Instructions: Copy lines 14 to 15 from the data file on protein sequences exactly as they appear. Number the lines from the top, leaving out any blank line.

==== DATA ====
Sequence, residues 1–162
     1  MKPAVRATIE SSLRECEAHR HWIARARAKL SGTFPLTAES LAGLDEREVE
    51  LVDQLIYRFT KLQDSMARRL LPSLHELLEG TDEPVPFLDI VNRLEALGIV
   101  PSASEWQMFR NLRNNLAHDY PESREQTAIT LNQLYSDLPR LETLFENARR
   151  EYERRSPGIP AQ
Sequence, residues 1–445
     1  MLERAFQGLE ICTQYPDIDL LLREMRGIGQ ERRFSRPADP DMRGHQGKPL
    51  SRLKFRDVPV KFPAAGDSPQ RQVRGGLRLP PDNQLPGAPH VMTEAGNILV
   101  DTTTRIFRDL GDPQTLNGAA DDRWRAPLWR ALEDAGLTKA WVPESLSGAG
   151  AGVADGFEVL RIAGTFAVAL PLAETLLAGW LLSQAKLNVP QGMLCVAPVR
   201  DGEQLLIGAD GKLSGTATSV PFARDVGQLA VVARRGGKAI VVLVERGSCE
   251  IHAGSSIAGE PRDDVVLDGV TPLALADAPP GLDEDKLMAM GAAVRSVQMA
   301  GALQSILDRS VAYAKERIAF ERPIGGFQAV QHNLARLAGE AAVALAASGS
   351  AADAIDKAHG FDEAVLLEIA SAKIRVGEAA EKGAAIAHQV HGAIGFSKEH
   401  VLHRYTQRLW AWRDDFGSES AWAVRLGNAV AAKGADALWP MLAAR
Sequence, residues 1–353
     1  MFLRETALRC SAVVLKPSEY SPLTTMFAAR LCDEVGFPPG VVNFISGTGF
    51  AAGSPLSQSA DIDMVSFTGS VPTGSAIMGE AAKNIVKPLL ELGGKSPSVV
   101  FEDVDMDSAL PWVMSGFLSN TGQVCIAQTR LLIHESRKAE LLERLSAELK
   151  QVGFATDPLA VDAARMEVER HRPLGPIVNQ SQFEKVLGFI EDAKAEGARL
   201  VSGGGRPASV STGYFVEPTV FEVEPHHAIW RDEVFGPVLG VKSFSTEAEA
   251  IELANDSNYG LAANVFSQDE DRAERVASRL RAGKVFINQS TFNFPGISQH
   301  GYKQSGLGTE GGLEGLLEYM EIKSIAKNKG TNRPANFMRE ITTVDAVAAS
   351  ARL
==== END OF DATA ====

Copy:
   351  AADAIDKAHG FDEAVLLEIA SAKIRVGEAA EKGAAIAHQV HGAIGFSKEH
   401  VLHRYTQRLW AWRDDFGSES AWAVRLGNAV AAKGADALWP MLAAR